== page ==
There are few Internet series that have me itching for the next installment, checking the Vimeo page for new videos several times a week and squealing with delight when one's posted. But that embarrassing behavior is exactly what I do with Couple Time. Comedians Patrick Carlyle and Allyn Rachel, who have been a real life couple for coming on eight years, write and star in the series of 90-second vignettes that explore, in their words, “weird stuff couples do when no one else is around.”

No! Not kinky weird stuff! Silly weird stuff. Things we all do when we feel so close to someone that it's almost like they're part of us. Like singing the full Ally McBeal theme song in the middle of breakfast, or having a serious debate about what percentage of pumpkin carving is scooping, or making up fantastical bribes to convince your partner be the one to crawl out of bed and feed the cat .

These moments might fall flat when described in words, but Rachel and Carlyle bring them to life with such honesty, love, and pitch perfect comedic timing, that each vignette leaves you not only in stitches but also with the odd, poignant feeling that you will now appreciate the small joys of life a little bit more.

“It's fun to discover these little moments and not judge them,” Carlyle explains, as to why the couple chose this theme as their first video project together. “A lot of times TV and movies find comedy in the conflict between two people. We're more interested in the comedy of two people working together on an outside conflict”.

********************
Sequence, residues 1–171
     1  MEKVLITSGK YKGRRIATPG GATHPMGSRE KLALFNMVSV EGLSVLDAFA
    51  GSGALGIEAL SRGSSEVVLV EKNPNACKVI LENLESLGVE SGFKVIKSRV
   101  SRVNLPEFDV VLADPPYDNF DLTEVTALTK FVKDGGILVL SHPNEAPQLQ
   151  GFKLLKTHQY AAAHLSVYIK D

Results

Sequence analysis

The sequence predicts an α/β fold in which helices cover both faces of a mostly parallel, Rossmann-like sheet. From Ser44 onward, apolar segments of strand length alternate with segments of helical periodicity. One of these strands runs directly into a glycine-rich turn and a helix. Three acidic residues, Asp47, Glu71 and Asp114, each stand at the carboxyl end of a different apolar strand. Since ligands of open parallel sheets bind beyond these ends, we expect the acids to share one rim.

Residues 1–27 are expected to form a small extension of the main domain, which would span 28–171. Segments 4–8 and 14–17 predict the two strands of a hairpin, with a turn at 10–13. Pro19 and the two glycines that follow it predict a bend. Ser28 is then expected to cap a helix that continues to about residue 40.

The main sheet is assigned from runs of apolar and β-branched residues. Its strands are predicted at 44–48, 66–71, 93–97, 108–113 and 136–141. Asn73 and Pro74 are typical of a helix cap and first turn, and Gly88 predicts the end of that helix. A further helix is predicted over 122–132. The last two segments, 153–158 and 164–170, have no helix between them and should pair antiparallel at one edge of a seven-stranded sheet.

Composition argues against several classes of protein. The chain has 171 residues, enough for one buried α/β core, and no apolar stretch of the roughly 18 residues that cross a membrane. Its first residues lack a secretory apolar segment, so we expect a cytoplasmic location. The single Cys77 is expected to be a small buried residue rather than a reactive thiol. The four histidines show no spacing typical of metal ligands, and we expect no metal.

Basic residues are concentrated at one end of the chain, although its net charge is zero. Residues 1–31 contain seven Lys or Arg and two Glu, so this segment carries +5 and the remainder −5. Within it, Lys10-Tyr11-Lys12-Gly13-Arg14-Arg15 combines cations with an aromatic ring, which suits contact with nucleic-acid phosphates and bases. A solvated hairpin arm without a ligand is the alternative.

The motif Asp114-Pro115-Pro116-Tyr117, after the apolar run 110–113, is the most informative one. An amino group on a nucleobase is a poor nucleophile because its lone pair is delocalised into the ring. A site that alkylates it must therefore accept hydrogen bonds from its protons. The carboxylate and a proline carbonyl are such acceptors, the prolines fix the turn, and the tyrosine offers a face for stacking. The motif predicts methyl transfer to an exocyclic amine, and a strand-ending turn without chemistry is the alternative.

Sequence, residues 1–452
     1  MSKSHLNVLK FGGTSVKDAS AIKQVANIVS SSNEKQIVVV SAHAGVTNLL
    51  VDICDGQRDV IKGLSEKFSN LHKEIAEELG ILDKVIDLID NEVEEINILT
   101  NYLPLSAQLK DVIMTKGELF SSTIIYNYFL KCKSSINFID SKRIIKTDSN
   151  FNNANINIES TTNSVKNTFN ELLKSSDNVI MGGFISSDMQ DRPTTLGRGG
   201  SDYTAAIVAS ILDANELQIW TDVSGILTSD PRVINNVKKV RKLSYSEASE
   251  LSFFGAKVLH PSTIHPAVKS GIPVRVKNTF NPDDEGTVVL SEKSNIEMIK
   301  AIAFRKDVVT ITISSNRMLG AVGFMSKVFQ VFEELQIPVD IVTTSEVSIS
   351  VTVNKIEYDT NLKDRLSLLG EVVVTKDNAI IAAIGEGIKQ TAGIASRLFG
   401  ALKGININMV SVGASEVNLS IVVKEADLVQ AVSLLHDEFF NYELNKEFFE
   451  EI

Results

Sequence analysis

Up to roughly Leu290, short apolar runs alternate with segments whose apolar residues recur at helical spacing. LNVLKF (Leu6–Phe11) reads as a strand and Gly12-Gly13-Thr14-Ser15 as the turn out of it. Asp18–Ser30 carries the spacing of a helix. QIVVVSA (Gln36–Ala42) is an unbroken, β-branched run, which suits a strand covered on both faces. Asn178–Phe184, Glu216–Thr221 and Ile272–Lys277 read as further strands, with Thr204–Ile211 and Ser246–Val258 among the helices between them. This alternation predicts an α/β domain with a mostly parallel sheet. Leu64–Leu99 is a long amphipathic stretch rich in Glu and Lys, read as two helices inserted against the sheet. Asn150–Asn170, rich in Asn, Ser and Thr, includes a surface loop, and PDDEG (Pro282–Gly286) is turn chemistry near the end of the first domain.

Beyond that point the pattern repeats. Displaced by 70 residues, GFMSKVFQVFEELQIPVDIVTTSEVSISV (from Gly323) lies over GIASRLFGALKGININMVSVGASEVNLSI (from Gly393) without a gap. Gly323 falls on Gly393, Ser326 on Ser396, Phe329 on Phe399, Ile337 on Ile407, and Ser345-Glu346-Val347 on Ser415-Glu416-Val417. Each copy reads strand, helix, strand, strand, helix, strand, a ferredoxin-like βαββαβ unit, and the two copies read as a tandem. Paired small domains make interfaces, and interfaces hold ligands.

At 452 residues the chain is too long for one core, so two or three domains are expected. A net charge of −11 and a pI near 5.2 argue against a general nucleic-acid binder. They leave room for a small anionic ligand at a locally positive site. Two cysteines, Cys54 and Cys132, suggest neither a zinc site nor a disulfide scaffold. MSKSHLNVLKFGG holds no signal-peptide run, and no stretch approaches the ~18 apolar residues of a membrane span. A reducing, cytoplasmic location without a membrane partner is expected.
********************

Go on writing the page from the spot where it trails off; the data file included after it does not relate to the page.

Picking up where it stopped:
Rachel and Carlyle met and began dating while attending NYU's Tisch School of the Arts. After college, they moved to Los Angeles together and began taking sketch and improv classes at the Upright Citizens' Brigade comedy theater. Both currently perform on Wednesday nights on UCB sketch teams, Rachel in The Get Go! and Carlyle in Goodman. Rachel also went through the Groundlings training program and was selected to perform a collection of her original characters at the prestigious New Faces: Characters Showcase at the 2011 Just For Laughs festival in Montreal. Though they've been toiling away at the same profession for many years, Couple Time is the couple's first collaboration. That is “except for a few cat videos no one ever saw with weird music,” Carlyle clarified.

“More and more as you kick around L.A. you realize that you need to make your own stuff to progress,” Carlyle explains. “We wanted to do something simple that we could do on our own. Our first video was the one where I sing the Ally McBeal theme song, which is like so weird. But that's just a thing we do. We sing all the time. Everyone does it. But no one talks about it. And that's when we had the idea”.

The couple's positive take on relationships has gotten good feedback so far. “Random people tweet at us and say, 'Oh! I can't wait to see this, but I have to wait a couple hours till I can watch it with my girlfriend,” Rachel says. TV networks have also taken notice, leading the team to face the challenge of translating their couple vs. daily life concept into a half-hour TV show format.

Allyn Rachel and Patrick Carlyle carve pumpkins in Couple Time

Allyn Rachel and Patrick Carlyle carve pumpkins in Couple Time

In a TV landscape where story lines revolve around couples who fear marriage (ahem, Whitney), freak out about petty differences in pay (oh…Traffic Light) and constantly feel like they aren't appreciated (The Middle, Mike & Molly, Everybody Loves Raymond, Friends, um..every show ever), Couple Time's couple will have their work cut out for them. Will their relationship make it to your TV screen unscathed by bitchy banter and petty turmoil? We'll have to wait and see.

Till then, fans can enjoy the 90-second-version series on the Couple Time Vimeo Page. “I think we're gonna take them out of the apartment,” Carlyle hints. “Yes,” Rachel chimes in. “We might even make it to the grocery store.”

Stephanie Carrie blogs at Los Angeles Comedy Travel Guide. Follow her on twitter at @StephCarrie and for more arts news follow @LAWeeklyArts.

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